The Denver Post’s Anna Staver reports on the next steps for House Bill 19-1032, the somewhat-unexpectedly controversial bill clarifying regulations on sex education in public schools, which remains an optional curriculum, to ensure what’s taught is accurate and (oh wait here’s the controversy) unbiased:
A 10-hour House committee hearing on the bill stretched late into the night and included hours of heated, sometimes graphic allegations that the language of the legislation promoted abortion, banned religious viewpoints and allowed for the teaching of sexual positions to children as young as 9 years old.
After passing the Democrat-controlled House on a series of party-line votes, the bill faces its next test this week in the Senate, where Democrats hold a narrower majority.
Its first Senate hearing is scheduled for 1:30 p.m. Thursday in the Health and Human Services Committee.
We suggest taking a moment to thoroughly digest Staver’s detailed explanation of what House Bill 19-1032 does and does not do, because as our readers know the gap between fiction and reality on this particular piece of legislation is extremely wide. The legislation does not direct teachers to “explain sexual positions to children,” does not take away parental rights to opt kids out of sex ed, and does not ban the teaching of religious doctrine on sexuality–only that they don’t endorse a religious position.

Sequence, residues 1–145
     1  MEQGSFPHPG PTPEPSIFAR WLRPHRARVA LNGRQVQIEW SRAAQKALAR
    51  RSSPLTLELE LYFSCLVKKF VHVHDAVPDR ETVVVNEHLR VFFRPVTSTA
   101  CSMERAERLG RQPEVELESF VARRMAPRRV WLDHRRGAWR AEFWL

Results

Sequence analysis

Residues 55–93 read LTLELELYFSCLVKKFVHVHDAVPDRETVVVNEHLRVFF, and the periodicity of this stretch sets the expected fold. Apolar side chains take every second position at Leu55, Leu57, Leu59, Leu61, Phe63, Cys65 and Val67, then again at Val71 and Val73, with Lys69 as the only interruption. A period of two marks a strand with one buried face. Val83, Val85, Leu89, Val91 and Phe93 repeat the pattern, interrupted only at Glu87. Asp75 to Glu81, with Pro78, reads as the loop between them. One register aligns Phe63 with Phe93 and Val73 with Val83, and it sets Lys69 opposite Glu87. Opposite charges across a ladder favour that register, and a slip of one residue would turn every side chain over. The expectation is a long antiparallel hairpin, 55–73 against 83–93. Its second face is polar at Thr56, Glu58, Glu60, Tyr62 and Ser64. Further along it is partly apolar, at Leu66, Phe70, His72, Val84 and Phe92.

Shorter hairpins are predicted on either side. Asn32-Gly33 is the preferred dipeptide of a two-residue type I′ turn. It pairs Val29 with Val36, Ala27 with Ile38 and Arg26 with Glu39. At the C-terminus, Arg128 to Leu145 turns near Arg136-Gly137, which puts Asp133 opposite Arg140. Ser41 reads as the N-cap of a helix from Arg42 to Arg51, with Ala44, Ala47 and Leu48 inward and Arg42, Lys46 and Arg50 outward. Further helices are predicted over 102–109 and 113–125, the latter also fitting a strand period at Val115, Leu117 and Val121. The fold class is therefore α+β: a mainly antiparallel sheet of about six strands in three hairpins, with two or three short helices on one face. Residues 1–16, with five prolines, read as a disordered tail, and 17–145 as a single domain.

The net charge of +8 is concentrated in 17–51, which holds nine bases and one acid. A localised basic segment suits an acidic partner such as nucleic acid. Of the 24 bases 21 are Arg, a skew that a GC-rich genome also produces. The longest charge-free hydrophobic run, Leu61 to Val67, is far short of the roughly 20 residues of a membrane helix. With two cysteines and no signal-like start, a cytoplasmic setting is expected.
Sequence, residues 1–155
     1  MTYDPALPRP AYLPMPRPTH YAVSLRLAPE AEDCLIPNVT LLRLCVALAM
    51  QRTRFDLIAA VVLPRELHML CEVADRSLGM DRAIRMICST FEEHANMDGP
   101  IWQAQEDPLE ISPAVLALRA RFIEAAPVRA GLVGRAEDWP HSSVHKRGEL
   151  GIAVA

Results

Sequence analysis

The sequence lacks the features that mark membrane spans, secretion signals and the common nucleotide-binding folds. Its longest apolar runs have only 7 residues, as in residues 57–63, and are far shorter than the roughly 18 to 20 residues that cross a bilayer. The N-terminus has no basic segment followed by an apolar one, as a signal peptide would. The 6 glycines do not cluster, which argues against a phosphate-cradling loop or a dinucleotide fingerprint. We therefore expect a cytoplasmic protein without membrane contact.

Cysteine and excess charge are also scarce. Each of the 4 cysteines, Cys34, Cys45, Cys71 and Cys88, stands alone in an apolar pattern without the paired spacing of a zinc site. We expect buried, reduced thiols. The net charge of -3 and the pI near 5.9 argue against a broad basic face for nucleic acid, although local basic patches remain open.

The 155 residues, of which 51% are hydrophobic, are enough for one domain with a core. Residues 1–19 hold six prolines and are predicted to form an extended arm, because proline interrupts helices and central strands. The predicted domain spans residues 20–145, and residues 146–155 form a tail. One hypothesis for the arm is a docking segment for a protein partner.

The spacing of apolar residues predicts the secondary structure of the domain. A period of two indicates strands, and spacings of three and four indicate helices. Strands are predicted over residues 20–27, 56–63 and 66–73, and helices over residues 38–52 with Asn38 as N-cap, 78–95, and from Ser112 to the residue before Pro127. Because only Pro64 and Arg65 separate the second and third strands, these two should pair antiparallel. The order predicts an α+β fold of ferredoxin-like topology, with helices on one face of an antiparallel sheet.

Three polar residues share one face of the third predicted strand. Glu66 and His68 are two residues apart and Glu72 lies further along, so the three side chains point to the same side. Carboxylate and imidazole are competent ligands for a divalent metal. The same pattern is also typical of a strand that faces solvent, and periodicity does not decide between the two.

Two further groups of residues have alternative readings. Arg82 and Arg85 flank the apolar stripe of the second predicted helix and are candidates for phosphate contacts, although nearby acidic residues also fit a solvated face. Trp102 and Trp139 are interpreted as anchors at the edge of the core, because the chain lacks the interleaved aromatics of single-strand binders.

At this point, however, the benign facts of the bill have been completely buried in an avalanche of misinformation–which prompted the spectacle of last month’s hearing in the House in which all present received an unsolicited education in the mechanical fine points of anal fisting (sadly, that is no joke). Tomorrow’s hearing is expected to be every bit as luridly descriptive, being far more entertaining to the crowd of tittering opponents than any factual discussion.
What we’ll learn by the end, when legislation that was not intended to be a radical change to existing policy at all is in the books, is that there are a lot of Coloradans out there who didn’t get very good sex ed in school themselves. We can only hope their kids are educated better.
In hope of achieving that, we can pass this bill.